Guilt vibration: Mark Wahlberg in 'Joe Bell,' a well-intentioned but unsteady melodrama

  • by Brian Bromberger
  • Tuesday July 20, 2021
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Reid Miller and Mark Wahlberg in 'Joe Bell'
Reid Miller and Mark Wahlberg in 'Joe Bell'

In many ways, the new film Joe Bell is Hollywood do-goodism at its worst, especially when even in the trailer and poster one sees the now dreaded phrase, 'Based on a true story.'

The theme is anti-gay bullying, certainly a worthy cause, but similar to movies like The Help —which opposes racism as seen through the eyes of a white Savior-figure— in Joe Bell we're to view homophobia through the angst of a guilt-ridden parent. It's a shallow lopsided perspective that winds up becoming an elongated PSA embedded within an irritating sentimentality that unintentionally softens rather than strengthens its underlying anti-hate message. Joe Bell is a movie that isn't sure who or what it's really about.

Joe Bell (Mark Wahlberg) is an Oregon man whose son Jadin (Reid Miller) was bullied in high school because he's gay. In the opening scenes, the two are "traveling" together as they walk cross-country while pushing a cart of clothes and belongings to New York (the place where Jadin feels he will be more supported and can escape his oppressive hometown).

Bell preaches to whomever they encounter about tolerance and accepting everyone for who they are, passing out anti-hate cards, whether it be presentations at high school auditoriums, consciousness raising at community centers, strangers at a diner, or denizens at a gay bar.

About halfway into the movie, the real reason for Bell's journey becomes clear, but any queer viewer who isn't comatose, will figure out the deception long before the big reveal in flashbacks, which won't be spoiled here.

Bell is hot-tempered and guilt-ridden because when Jadin came out to him and confessed he was being bullied, he basically ignored and didn't understand the seriousness of the situation, advising him to use the boxing lessons he had forced on Jadin to defend himself.

Bell is vaguely supportive of Jadin but clearly uncomfortable when he attends football games to watch his son perform as the only male on a cheerleading squad. Somehow other scenes of father/son singing Lady Gaga's "Born this Way" or practicing cheers together ring hollow.

Bell's inability to face his own role in Jadin's misery while directing all that anger inward becomes the source of his march for redemption that because of its outcome (which again won't be spoiled here) became a national media story in 2013. His wife (the fabulous but underused Connie Britton) supports his journey but they have marital problems, especially with Bell now ignoring their younger son Joseph.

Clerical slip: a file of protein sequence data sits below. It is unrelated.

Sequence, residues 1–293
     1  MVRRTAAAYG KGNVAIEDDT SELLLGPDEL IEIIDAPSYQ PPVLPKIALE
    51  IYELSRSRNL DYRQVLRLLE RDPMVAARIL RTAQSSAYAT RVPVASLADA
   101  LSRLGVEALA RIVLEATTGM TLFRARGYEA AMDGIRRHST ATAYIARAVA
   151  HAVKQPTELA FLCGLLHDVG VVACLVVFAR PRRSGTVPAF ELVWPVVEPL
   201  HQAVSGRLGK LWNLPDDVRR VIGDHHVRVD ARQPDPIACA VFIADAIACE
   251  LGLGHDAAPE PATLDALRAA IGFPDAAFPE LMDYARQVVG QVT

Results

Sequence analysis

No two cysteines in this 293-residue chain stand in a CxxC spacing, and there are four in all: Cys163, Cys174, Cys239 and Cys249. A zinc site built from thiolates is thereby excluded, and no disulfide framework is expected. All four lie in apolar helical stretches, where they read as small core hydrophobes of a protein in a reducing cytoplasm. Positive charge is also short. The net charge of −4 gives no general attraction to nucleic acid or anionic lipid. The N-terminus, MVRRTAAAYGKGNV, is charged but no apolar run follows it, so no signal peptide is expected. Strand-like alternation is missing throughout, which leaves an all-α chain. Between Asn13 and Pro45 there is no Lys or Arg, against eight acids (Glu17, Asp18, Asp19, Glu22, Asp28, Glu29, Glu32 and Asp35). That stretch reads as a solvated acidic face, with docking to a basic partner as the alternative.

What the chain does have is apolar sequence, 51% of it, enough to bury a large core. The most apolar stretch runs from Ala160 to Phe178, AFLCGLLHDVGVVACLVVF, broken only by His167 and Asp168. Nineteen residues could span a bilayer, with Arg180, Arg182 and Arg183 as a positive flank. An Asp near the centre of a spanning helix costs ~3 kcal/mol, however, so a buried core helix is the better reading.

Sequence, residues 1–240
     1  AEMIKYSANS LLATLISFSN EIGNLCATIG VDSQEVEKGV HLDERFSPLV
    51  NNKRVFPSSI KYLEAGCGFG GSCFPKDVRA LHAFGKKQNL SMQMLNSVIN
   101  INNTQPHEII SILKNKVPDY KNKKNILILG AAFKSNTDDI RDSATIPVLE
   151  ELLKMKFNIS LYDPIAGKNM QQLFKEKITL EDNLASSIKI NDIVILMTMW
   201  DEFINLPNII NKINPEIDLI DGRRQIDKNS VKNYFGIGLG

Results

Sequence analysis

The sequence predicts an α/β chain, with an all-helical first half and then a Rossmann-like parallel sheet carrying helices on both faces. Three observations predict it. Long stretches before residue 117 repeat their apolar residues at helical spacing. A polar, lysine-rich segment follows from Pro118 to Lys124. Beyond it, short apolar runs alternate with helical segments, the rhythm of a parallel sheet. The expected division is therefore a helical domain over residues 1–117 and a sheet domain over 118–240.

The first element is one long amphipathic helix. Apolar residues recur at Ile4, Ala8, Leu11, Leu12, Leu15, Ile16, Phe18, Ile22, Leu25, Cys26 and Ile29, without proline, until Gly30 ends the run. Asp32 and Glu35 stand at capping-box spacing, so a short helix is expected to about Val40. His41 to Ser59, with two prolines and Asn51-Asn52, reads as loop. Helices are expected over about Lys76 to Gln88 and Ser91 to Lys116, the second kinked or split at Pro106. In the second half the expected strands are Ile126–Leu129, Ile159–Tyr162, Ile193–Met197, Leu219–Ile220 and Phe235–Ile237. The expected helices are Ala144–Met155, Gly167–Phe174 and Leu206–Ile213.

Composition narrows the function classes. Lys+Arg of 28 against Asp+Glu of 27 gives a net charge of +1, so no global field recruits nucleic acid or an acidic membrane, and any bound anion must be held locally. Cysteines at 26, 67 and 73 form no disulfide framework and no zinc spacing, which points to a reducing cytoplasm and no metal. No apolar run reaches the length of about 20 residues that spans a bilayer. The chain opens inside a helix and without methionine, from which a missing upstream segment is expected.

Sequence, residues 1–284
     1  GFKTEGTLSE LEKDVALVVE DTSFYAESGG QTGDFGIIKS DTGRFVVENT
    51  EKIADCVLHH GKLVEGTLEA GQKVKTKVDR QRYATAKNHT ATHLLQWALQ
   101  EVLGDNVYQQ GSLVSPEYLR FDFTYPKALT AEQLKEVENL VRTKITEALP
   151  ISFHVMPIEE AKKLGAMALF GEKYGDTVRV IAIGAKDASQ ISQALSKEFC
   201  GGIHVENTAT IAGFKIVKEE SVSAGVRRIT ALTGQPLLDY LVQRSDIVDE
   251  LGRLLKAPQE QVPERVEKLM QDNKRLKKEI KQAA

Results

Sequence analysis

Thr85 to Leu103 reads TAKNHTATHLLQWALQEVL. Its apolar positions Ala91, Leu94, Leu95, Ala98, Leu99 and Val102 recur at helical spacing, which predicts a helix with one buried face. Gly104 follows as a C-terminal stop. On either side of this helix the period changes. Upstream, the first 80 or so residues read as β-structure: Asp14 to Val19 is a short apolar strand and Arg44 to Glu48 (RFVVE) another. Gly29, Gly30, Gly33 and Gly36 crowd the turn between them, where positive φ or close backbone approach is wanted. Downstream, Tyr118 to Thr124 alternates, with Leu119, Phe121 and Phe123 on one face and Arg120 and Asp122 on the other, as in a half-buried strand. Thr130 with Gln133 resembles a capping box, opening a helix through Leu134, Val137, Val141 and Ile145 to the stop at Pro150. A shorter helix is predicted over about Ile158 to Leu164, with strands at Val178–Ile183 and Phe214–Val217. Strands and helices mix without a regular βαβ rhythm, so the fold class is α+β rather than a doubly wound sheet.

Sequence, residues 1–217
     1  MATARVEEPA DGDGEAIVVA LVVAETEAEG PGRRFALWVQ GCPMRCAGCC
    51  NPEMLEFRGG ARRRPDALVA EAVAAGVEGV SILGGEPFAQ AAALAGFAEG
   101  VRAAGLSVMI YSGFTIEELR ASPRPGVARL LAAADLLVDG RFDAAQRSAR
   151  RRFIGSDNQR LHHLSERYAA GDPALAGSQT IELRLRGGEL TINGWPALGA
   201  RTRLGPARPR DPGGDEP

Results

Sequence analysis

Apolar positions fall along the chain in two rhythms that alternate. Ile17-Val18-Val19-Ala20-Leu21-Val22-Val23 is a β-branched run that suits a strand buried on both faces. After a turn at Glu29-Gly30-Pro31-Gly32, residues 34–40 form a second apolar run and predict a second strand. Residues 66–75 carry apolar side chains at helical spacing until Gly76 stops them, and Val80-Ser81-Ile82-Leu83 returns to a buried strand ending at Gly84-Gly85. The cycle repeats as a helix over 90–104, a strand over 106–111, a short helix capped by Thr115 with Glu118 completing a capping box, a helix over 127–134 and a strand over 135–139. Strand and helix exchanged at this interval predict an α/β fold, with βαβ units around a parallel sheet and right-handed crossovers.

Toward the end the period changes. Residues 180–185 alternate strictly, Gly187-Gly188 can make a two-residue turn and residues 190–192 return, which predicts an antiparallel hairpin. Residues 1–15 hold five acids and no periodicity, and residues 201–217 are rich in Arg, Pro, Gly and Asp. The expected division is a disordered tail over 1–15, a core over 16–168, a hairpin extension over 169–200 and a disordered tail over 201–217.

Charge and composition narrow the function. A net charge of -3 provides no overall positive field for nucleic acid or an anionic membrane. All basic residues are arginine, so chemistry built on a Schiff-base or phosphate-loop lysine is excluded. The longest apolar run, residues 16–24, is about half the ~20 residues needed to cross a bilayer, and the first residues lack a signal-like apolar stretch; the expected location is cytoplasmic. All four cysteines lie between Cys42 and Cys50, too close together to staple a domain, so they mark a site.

Mark Wahlberg, Reid Miller and Connie Britton in 'Joe Bell'  

Rather than the two big revelations, the real shocker of Joe Bell comes in the credits when we see the screenplay was written by Larry McMurtry and Diana Ossana, Oscar winners for their magnificent Brokeback Mountain script. Joe Bell is a sad follow-up to that landmark effort, because here none of the characters are fully developed, especially the one bearing the film's title.

We never understand why Bell becomes a fervent activist to proclaim his empathetic message the way he does. Is his walk designed to assuage his guilt or to resolve it? Is it benefitting himself or Jadin? Is it about change or finding a purpose for his own rage-filled life.

Nor do we see many of Bell's actual encounters with other people, so we never learn what impact his efforts had on them. Was he mostly preaching to the choir rather than the homophobic parents who should be the targets of his sermon?

Miller is heartbreakingly raw as Jadin, who is defined by his victimization and the online harassment he received ("just do us all a favor. Off yourself") rather than the way he lived his life. We see snippets of a budding secretive relationship with a closeted football player but we rarely get to hear his struggles from his vantage point, only how his father failed him.

The film emotionally manipulates us into feeling sorry for Jadin, but it's an unearned empathy because the film reveals so little about Jadin the person for whom we care as opposed to Jadin the raison d'etre for his father.

And then there's Mark Wahlberg. Joe Bell may be less Bell's atonement than Wahlberg's. His career began by following his brother Donnie's footsteps as a pop-hip hop singer, followed by modeling underwear for Calvin Klein. But before that success, Wahlberg was arrested several times for race-related attacks, and jailed for 45 days for assault (demoted from the initial charge of attempted murder).

So Joe Bell has all the earmarks of a redemptive plea asking forgiveness for those youthful hurtful actions. Wahlberg is fine, even heartfelt, as Bell in a role contrary to his usual uber-masculine portrayals. However, It's difficult to recommend the film even to teenagers, queer or straight, because there is so little of their perspective enshrined here. In the latter half of the movie, Jadin serves little more than a postscript.

And yet, Joe Bell reminds us that despite all the progress made in LGBTQ equality and laws on the books, in 2021 there are still many places where it's dangerous to be openly gay and bullying is a fact of life for far too many adolescents.

Despite its mostly self-inflicted wounds, Joe Bell in its virtuosity has its heart in the right place, so perhaps it might fortuitously speak to a parent in distress and consequently make a difference in some anguished teenager's life.

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